In a nutshell: A delicious left-bank Bordeaux from a fine Medoc estate.
The lowdown: Chateau Larose-Trintaudon has long been a highly regarded Medoc estate, a neighbour to Chateau Latour and situated on the borders of the Pauillac and Saint-Julien appellations, and lucky enough to have some of the oldest and finest soils in the Medoc. They consistently produce highly enjoyable wines and this 2014 has a lovely freshness typical of the vintage. A blend of 51% Merlot and 45% Cabernet Sauvignon with a little Petit Verdot as well and aged for 12 months in barrel. Fresh red berry and dark cherry aromas lead onto a medium-full bodied palate with cherry, plum, cassis, cinnamon and dried fruit notes with fine, precise tannins and refreshing, balanced acidity. A highly satisfying and rather moreish Bordeaux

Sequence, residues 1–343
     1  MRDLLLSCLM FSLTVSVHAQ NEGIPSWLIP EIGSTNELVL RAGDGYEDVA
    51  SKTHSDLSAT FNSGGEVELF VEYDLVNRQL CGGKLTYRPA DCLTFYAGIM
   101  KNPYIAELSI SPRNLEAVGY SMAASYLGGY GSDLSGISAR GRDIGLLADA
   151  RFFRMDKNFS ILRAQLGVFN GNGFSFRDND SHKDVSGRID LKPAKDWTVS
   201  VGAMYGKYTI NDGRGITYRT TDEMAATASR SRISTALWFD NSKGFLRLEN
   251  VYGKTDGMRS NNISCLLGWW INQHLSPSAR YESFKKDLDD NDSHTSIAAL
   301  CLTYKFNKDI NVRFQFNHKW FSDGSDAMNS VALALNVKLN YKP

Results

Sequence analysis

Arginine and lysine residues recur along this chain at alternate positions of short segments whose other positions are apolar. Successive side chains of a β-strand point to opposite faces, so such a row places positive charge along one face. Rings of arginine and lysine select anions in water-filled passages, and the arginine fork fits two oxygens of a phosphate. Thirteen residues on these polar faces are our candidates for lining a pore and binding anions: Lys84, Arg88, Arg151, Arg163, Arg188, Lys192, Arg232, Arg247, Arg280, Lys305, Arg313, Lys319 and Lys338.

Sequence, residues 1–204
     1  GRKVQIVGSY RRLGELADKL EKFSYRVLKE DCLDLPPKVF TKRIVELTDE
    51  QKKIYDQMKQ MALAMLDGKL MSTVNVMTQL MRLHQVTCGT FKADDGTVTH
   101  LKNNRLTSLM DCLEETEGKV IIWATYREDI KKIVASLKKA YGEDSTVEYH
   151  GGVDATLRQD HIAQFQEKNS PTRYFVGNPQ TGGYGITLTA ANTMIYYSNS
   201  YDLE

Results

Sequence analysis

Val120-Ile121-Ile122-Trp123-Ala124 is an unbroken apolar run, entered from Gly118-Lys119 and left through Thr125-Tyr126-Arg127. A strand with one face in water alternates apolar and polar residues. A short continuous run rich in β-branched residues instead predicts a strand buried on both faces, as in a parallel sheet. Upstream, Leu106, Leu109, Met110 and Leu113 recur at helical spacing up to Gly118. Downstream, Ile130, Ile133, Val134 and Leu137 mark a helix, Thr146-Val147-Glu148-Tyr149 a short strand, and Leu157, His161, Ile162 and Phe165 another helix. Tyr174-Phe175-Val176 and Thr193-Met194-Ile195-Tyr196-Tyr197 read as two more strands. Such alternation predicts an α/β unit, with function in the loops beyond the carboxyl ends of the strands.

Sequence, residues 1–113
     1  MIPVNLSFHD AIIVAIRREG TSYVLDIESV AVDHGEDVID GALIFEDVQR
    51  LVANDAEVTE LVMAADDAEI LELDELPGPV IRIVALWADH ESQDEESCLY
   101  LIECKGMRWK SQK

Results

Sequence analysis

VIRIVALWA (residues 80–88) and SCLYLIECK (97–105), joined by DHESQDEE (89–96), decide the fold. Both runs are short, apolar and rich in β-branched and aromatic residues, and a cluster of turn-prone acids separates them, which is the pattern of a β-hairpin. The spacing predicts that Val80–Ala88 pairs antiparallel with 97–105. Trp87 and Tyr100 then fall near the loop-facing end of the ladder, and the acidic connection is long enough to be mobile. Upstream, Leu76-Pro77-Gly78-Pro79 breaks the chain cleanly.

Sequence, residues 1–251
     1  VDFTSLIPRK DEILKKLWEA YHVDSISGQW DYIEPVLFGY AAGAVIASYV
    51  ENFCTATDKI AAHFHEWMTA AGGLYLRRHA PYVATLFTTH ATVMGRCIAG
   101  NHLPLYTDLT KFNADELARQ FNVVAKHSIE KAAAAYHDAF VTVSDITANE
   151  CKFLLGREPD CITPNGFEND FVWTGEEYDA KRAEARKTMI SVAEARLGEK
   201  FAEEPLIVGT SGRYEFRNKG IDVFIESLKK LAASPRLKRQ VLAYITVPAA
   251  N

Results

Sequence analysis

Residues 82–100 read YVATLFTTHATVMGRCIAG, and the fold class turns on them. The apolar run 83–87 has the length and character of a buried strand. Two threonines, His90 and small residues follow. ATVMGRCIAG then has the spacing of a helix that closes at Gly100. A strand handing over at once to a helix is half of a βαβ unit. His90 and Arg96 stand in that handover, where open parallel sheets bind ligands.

Château Larose Trintaudon dates back to 1719, but it was not until 1838, when Henry Delaroze, Mayor of Saint-Laurent, planted a vineyard on a gravelly mound in a place called Trintaudon, that its winemaking history began. During the subsequent years, the property fell victim to phylloxera and neglect and it was not until 1963, when Professor Émile Peynaud was brought in to replant the vineyards, that the Château set out on the path to achieving the reputation it has today.
Nestled between the communes of Saint-Julien-de-Beychevelle and Pauillac Larose Trintaudon has 190 hectares of vineyard and the soils here, a mix of fine gravel, sandy gravel and clay, are some of the oldest of the Médoc gravels known as the 'Pyrenean Layer'. They benefits from very similar growing conditions to that of their neighbour Château Latour. The vineyard is planted with 60% Cabernet Sauvignon and 40% Merlot, with an average vine age of 29 years. General Manager is Franck Bijon.